Thriving under pressure: Brother and sister receive lifesaver awards from Holmen Area Fire Department

11-year-old Nora Knapp called 911 after reading her grandma's very low blood pressure

ONALASKA, Wis. (WKBT) – Two students from St. Patrick Elementary School in Onalaska are being recognized for their bravery.

These students are brother and sister who also are in Scouts.

Fire officials say the department doesn’t do ceremonies like this very often, because they are reserved for people who go above and beyond to save someone’s life.

Some of us just have the knack to thrive under pressure.

“I don’t really know if I got it from my mom, my dad,” 11-year-old Nora Knapp said.

But what Nora does know is that scouting taught her a lot about handling stressful moments.

“I know that I have to stay calm,” Nora said. “Or else, the situation’s going to turn into chaos.”

Last month, Nora and her 8-year-old brother, Sylus, were visiting their grandma, Laurie Hampton, at her apartment in Holmen.

“Thank God they were there,” Hampton said.

What seemed like a normal visit quickly took a turn.

“All of a sudden, she says her legs hurt,” Nora said. “She needs to put them up. And that’s usually normal. … And then I noticed her head kind of bobbing.”

“I kept thinking I was falling asleep,” Hampton said. “I’m like, ‘how can I fall asleep on the kids?'”

“And I said ‘something’s wrong,'” Nora said.

Nora immediately took her grandma’s blood pressure.

“When the blood pressure read, I was in shock,” Nora said.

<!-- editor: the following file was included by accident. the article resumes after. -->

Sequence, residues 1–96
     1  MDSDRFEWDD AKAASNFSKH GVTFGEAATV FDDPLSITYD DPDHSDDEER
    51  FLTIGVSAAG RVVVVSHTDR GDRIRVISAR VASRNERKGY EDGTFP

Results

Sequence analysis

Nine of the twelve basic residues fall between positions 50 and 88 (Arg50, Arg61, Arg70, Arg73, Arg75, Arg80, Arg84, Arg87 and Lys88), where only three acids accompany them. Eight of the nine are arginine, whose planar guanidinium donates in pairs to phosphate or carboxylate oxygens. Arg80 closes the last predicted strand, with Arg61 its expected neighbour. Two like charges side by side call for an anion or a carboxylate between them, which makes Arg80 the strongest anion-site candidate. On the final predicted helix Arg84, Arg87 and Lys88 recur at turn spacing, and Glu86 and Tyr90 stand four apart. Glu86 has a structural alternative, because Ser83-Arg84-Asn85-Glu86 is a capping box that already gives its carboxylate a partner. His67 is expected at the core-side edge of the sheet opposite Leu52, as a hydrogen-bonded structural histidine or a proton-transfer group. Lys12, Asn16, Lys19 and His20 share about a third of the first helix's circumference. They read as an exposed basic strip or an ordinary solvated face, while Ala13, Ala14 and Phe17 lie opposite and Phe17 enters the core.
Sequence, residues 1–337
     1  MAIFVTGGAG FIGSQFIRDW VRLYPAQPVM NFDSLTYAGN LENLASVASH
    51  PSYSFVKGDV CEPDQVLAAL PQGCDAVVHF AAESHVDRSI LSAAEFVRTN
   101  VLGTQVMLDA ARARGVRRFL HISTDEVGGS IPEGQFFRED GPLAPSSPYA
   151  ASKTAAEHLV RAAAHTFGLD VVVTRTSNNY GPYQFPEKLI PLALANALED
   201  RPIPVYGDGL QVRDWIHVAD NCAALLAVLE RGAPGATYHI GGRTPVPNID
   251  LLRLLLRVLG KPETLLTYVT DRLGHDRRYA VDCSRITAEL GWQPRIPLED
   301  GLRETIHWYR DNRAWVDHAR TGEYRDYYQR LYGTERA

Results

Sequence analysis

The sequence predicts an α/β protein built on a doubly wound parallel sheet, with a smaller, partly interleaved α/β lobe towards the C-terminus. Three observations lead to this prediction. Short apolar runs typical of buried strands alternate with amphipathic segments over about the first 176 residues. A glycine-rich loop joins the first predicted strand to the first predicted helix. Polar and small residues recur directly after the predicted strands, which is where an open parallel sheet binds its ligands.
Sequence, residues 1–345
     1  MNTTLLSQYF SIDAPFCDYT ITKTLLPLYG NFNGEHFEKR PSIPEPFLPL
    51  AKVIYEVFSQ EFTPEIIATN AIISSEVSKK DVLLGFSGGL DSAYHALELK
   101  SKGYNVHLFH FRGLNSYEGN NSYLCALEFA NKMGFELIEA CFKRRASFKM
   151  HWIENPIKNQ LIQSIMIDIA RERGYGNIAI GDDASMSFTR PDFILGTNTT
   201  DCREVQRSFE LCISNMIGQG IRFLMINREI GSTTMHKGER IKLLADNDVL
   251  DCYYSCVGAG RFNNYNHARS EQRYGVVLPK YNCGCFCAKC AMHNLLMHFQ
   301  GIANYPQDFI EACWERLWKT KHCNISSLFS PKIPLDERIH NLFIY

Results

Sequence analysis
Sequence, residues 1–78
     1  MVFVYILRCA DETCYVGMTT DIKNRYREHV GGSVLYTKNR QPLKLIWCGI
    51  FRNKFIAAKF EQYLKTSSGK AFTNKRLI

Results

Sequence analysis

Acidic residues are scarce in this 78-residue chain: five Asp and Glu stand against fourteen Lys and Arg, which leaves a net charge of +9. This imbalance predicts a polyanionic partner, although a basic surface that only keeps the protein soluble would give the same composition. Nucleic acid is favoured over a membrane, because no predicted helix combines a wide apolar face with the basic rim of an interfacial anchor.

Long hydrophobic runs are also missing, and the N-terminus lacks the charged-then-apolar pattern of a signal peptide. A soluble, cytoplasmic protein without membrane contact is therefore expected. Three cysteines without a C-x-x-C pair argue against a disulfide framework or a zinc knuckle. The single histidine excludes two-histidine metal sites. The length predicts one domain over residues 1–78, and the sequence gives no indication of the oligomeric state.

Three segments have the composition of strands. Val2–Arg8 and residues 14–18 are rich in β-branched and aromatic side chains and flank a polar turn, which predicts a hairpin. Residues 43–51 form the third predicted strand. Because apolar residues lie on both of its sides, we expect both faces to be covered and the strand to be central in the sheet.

The reading showed Hampton’s pressure was really low, so Nora called 911.

Hampton was eventually taken to a local hospital.

She says she stayed there for just two days.

But it could’ve been worse if it weren’t for the sixth-grader’s actions.

“She did pretty good for an 11-year-old,” Hampton said.

Because of Nora’s and Sylus’ courageousness, the fire department gave them each a lifesaver award in the St. Patrick Elementary gym.

A moment people couldn’t wait to capture.

“You just had a really unique and special kiddo who has an interest, obviously, in medicine, and is smart and knew what she needed to do,” said Pat Corran, a La Crosse Fire Department community risk educator. (The La Crosse and Holmen Area Fire Departments are currently under an administrative merger agreement).

“I thought it’d just be a medal,” Sylus said. “Not a plaque.”

“I’m very proud that we did this because, I mean, I saved,” Nora said. “I’m glad she’s alive.”

High-fives and hugs for these brave children, and ones who make their grandma proud.

“I think they’re two pretty incredible kids,” Hampton said.

“She’s the best grandma in the world,” Sylus said.

Proving that no matter your age, you can save a life.

Hampton says she recently was diagnosed with atrial fibrillation, more commonly known as an irregular heartbeat.

She says she is on different blood pressure medications since her scare in January, and says she is doing well right now.

Hampton also got to witness her grandchildren receive the awards on her birthday.

Nora will receive a national Scouting award from the Gateway Area Council at a troop meeting next month.

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